Many years ago we lived in Massachusetts. We had a beautiful and very large 4 bedroom house in a very exclusive community. Truth be told, we were in over our heads, but the point here is that it was in a great neighborhood at a time when the average market days for houses for sale was a mere 14 days. People were told to bring their check books to showings.
We found a smaller house on a much smaller lot in a very non-exclusive community and bought it. The good thing was that it wasn't completed yet so we were able to make many changes and upgrades, including a much loved double convection wall oven. I don't remember how many sheets of cookies it promised to cook all at once but it was impressive.
We had showing after showing and no offers on our house. The agents couldn't offer any explanation why no one wanted our beautiful house and many more days than 14 ticked by. It was coming time to close on the new house and the broker was putting pressure on us to get a bridge loan. "Everyone does it" we were told. Having two houses was completely out of our comfort zone, and just because everyone did it didn't mean we should or that we would. Finally we had to back out of the contract on the new house. Having made many expensive upgrades the builder was less than pleased, but we didn't feel that we had any choice.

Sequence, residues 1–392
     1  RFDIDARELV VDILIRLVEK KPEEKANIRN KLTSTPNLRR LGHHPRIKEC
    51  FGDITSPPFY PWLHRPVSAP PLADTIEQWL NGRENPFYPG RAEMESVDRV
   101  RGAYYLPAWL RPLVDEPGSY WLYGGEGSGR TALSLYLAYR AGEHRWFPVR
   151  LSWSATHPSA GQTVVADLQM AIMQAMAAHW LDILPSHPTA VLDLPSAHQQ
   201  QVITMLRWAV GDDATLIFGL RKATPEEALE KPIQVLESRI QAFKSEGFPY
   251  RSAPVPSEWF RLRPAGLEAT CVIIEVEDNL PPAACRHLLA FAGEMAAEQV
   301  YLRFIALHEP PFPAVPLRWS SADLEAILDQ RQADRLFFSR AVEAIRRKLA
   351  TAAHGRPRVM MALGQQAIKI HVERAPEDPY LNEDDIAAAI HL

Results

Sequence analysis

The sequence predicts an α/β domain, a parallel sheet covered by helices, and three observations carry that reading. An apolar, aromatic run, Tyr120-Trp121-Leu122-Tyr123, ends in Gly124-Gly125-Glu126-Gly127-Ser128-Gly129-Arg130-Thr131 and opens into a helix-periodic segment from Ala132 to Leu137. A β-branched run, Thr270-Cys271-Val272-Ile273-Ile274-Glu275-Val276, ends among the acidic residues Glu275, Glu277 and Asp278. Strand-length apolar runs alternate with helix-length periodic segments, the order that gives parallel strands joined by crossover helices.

Then Gary mentioned moving to Maine and we found a house. The sellers loved us so much they told the agents to stop showing it and they didn't want to be presented with any other offers. The house was ours no matter how long it took. The agents asked what on earth we had said to them because they had never heard of anything like it. Honestly, I have no idea! We went back home and placed our house back on the market. It sold, just like that. For what we were asking.
Even the transition was simple...our lawyer closed the Mass house for us and the sellers left the key under the doormat so we could move in a week before we owned the place.
With all the turmoil in my house right now, I have to believe that we are in the first house stage of things. The girls went for a respite visit this weekend. We packed several boxes and even sent their bikes and helmets. Their bookshelf is empty. The next time they go it will be the last. The house is empty. Our hearts are heavy. Someday I believe we will look back and KNOW that this was the right thing, that the girls are where they need to be and our children, whoever they may be are with us.
When we think about that other house we are so grateful that it was never ours. It was much smaller, had a tiny lot, was really far away from anyplace of value, and my mother's crazy friend bought the house across the street. It really wasn't mean to be, and thankfully never was.